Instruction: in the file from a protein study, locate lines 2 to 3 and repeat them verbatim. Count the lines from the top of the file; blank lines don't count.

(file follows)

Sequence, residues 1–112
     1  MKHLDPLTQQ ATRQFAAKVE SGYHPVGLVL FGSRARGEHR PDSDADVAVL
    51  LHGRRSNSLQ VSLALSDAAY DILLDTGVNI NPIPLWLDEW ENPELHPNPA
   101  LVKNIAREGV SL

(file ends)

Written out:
     1  MKHLDPLTQQ ATRQFAAKVE SGYHPVGLVL FGSRARGEHR PDSDADVAVL
    51  LHGRRSNSLQ VSLALSDAAY DILLDTGVNI NPIPLWLDEW ENPELHPNPA